After looking at George Leckie's recent exploration of the relationship between the DFE's new measure that includes the average grade based on the best 8 GCSE's I too thought I would have a look. Have a read here: http://theconversation.com/new-look-gcse-league-tables-reconfirm-wide-disparities-between-schools-22793
Click on the links below, to see the results and to follow the methodology for yourself.
To do this manually, I would firstly need to download the current performance tables from here: http://www.education.gov.uk/schools/performance/download/xls/england_ks4.csvThe file when opened looks like this:
Then I converted it into an Excel file. If you are not familiar with converting CSV files to Excel, you can download the Excel file.
To find the information that I would need to use, I also would need to download the metadata file from here: http://www.education.gov.uk/schools/performance/download/csv/ks4_meta.csv
I then identified that I need two columns of data from the KS4 performance tables. These are 'Percentage of pupils achieving 5+ A*-C or equivalents including A*-C in both English and mathematics GCSEs' or the data label 'PTAC5EM' at column 52 to be precise. In addition, I need to use data in the 'Average grade per pupil capped at the best 8 qualifications' column (data label: AVGRDPEPPCP or column 415).
As I want to create a scatter plot to show this relationship, I need to convert every item of data in the AVGRDPEPPCP column from the performance tables into a point score. To do this I used the following table: https://clc2.uniservity.com/GroupDownloadFile.asp?GroupID=399411&ResourceId=1858337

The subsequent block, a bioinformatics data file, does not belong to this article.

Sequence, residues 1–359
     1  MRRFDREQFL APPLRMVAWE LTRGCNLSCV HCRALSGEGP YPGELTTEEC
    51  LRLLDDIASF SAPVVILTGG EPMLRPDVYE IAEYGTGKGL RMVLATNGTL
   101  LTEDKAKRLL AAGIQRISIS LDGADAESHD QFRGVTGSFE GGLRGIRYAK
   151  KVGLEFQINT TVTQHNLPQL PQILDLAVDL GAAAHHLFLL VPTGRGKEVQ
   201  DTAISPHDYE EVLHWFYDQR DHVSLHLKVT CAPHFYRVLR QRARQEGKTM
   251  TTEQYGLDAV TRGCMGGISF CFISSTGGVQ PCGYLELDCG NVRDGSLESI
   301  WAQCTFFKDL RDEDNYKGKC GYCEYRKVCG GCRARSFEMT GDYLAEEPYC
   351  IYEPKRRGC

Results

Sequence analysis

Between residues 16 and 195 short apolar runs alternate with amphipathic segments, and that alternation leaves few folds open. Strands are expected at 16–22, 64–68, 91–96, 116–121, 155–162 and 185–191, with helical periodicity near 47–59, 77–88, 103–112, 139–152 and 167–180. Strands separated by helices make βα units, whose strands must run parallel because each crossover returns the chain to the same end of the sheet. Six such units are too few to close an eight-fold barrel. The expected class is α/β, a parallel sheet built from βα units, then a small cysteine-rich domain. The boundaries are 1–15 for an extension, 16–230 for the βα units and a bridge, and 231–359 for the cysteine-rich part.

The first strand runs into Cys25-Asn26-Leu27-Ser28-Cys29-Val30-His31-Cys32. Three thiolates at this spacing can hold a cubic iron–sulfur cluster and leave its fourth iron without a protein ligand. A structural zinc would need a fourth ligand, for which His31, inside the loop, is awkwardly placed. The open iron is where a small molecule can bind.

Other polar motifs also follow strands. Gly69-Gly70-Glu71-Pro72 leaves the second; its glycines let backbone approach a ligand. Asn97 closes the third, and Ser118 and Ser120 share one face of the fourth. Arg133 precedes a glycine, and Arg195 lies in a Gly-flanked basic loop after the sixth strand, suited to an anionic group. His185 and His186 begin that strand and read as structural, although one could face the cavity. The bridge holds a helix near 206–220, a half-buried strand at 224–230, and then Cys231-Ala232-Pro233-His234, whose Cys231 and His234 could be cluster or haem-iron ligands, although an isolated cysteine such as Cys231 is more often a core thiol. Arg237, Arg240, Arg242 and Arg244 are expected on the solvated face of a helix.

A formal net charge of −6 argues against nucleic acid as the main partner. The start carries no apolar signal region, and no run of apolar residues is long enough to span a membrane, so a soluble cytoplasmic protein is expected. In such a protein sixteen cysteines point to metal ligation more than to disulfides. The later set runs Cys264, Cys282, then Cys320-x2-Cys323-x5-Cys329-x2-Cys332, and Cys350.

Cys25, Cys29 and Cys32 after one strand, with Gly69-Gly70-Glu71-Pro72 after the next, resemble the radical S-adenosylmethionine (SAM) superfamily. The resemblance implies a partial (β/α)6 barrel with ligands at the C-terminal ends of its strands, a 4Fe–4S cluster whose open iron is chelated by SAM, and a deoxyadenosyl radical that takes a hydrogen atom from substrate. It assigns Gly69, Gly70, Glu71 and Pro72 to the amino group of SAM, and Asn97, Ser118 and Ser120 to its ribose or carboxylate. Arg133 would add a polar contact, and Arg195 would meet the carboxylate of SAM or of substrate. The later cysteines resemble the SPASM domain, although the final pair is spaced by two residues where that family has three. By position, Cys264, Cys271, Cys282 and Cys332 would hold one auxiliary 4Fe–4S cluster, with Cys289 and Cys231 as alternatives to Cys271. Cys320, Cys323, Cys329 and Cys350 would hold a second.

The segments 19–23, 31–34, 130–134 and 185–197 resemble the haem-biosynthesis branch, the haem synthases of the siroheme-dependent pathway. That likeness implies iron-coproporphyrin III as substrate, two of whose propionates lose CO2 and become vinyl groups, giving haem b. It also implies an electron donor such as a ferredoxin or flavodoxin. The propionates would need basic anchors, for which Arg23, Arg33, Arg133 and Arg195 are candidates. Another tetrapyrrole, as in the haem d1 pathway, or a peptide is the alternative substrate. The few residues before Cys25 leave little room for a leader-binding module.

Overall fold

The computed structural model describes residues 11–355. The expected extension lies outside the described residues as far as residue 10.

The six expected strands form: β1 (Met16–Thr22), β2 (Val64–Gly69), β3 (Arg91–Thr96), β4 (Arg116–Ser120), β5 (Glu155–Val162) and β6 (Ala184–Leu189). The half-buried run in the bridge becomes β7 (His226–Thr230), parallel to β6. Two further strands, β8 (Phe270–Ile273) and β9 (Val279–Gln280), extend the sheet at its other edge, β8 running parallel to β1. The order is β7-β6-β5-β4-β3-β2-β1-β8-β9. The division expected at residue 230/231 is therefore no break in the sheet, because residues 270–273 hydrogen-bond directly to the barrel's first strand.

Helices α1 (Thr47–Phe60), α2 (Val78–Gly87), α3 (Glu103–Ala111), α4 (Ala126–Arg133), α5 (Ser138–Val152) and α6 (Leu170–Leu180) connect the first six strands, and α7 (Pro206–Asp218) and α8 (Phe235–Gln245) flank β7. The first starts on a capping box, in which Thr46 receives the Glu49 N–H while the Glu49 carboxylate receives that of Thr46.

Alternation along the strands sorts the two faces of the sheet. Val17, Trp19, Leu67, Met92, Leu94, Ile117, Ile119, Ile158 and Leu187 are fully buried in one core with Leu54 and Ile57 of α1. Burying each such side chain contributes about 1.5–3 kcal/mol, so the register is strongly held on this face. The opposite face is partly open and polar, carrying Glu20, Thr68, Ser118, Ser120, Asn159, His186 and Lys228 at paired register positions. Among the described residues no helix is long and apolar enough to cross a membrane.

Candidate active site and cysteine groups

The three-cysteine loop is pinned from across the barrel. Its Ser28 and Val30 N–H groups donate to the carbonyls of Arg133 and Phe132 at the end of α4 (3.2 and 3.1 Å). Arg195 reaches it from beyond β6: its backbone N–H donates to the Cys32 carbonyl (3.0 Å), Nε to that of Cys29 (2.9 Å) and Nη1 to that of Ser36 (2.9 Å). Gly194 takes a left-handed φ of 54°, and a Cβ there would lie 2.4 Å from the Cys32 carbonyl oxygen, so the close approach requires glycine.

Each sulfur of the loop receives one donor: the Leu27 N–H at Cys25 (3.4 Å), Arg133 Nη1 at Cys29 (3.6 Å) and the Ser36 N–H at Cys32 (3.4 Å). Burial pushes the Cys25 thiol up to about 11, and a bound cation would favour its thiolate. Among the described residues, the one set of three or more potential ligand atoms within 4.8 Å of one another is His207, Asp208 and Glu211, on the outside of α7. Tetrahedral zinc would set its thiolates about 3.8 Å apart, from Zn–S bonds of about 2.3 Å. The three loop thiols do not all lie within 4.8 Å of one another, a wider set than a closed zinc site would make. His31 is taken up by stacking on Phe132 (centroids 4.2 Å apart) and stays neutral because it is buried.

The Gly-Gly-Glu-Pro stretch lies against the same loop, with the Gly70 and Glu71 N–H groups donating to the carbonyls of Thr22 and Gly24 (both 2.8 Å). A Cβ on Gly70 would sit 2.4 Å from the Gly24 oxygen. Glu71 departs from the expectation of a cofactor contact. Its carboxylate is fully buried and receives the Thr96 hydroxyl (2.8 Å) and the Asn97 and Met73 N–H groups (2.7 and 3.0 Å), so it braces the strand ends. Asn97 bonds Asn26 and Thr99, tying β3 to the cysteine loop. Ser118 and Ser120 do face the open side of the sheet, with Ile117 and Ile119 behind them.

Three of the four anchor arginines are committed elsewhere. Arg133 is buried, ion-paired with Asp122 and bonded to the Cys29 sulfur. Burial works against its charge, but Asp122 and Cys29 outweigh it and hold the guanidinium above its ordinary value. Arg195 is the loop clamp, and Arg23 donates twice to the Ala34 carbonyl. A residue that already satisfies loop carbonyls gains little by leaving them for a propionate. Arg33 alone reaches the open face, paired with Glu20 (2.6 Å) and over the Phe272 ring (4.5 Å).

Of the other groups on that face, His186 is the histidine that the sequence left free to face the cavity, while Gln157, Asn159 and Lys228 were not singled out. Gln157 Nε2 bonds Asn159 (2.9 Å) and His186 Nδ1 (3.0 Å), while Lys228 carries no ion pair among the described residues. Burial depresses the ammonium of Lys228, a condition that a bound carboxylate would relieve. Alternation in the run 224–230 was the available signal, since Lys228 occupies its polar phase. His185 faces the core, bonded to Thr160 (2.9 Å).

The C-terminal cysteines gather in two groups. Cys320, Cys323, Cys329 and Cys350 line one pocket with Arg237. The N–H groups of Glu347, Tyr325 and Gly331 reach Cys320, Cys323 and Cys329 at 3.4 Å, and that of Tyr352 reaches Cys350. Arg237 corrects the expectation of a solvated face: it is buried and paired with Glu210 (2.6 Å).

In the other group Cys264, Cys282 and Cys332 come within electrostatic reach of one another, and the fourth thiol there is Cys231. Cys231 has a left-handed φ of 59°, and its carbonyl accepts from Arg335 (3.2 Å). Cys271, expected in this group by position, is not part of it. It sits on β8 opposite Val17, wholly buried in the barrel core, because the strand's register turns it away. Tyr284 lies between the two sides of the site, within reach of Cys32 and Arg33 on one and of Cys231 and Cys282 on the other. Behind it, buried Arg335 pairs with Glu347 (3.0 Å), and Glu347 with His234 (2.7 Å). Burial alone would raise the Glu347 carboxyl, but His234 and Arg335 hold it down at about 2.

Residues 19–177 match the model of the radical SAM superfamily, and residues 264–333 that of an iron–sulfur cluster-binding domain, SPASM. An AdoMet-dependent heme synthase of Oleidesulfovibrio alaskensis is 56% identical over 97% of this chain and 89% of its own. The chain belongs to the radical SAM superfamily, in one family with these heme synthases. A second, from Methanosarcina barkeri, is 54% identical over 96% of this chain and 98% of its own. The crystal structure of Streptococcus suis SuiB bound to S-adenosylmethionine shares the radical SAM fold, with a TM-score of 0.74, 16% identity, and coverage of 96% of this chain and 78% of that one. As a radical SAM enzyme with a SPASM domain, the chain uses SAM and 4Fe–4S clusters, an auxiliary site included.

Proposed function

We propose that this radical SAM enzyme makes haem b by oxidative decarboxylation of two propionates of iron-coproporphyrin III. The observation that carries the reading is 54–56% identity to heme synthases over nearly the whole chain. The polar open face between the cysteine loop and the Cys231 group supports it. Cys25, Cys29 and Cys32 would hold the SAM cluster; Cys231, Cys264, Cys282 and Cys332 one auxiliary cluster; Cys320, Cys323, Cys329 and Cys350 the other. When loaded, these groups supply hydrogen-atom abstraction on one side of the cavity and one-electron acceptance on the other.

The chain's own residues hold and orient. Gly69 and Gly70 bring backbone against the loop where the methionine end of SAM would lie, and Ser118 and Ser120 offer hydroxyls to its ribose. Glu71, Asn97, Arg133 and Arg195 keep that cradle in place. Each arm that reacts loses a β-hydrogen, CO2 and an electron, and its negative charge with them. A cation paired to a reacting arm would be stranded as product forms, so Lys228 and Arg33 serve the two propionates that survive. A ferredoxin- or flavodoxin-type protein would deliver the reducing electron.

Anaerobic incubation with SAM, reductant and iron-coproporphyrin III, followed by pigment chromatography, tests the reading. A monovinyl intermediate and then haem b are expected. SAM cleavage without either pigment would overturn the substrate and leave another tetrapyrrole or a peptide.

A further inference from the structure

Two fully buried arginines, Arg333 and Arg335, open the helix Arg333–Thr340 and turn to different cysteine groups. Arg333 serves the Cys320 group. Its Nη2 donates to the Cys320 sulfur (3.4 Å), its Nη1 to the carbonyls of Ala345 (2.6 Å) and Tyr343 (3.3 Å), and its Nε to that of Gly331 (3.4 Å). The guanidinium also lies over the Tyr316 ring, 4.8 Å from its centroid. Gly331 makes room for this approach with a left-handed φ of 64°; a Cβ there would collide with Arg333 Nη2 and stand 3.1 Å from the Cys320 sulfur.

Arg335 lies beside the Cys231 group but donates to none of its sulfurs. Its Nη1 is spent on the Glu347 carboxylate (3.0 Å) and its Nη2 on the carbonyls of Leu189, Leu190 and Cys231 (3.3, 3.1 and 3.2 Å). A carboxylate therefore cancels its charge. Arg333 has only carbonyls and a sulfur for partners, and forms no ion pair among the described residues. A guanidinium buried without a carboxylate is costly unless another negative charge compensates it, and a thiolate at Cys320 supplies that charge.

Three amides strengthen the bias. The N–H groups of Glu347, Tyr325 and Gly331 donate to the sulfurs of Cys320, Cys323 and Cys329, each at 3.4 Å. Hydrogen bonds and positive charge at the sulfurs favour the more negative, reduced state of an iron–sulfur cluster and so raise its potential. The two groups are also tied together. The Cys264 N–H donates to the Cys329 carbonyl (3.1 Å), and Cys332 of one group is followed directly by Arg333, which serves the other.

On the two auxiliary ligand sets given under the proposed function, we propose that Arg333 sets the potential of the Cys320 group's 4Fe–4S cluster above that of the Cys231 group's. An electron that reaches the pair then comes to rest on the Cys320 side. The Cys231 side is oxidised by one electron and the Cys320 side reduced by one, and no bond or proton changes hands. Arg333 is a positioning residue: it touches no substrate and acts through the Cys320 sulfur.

In converting the 'Average grade per pupil capped at the best 8 qualifications' for each school, I was then able to plot this against the Percentage of pupils achieving 5+ A*-C or equivalents including A*-C in both English and mathematics GCSEs data for each school.
The visualisation created resembled George Leckie's diagram (left) with a few exceptions (see right).
|Diagram 3 from http://theconversation.com/new-look-gcse-league-tables-reconfirm-wide-disparities-between-schools-22793 (accessed 13/2/14)||Diagram from Schooldata.org.uk (accessed 13/2/14)|
To remove some of the discrepancies, I then adjusted the filter to include only average grade score of 30+ which resulted in a significantly closer visualisation (as shown below) to that produced by Leckie (as above left). I did not remove other schools from this view (Leckie identifies that 8 outliers were removed in total and based on the representation below, I have only removed 1- however, it is quite clear which were removed and it is easy to speculate on the reasons why).
To provide a balanced evaluation, the chart produced by George Leckie does include grades as opposed to point scores along the vertical axis. However, the visualisation in schooldata.org.uk does allow you to identify a particular school or make comparisons against groups of schools.
In addition, it may take some people less time to do the above (either using Excel or other tools), I nevertheless hope it gives a clear understanding of what Schooldata.org.uk can do.
In total, the above visualisation took only a few minutes using schooldata. Watch the real-time video to see how schooldata.org.uk allows this to be done easily. It is only about 4 minutes long and includes the rationale for my doing this visualisation.
Using school data - video
To keep on top of current developments, access some free tools and find out more, create an account by following this link.
You can also follow me on twitter (@philbourne77).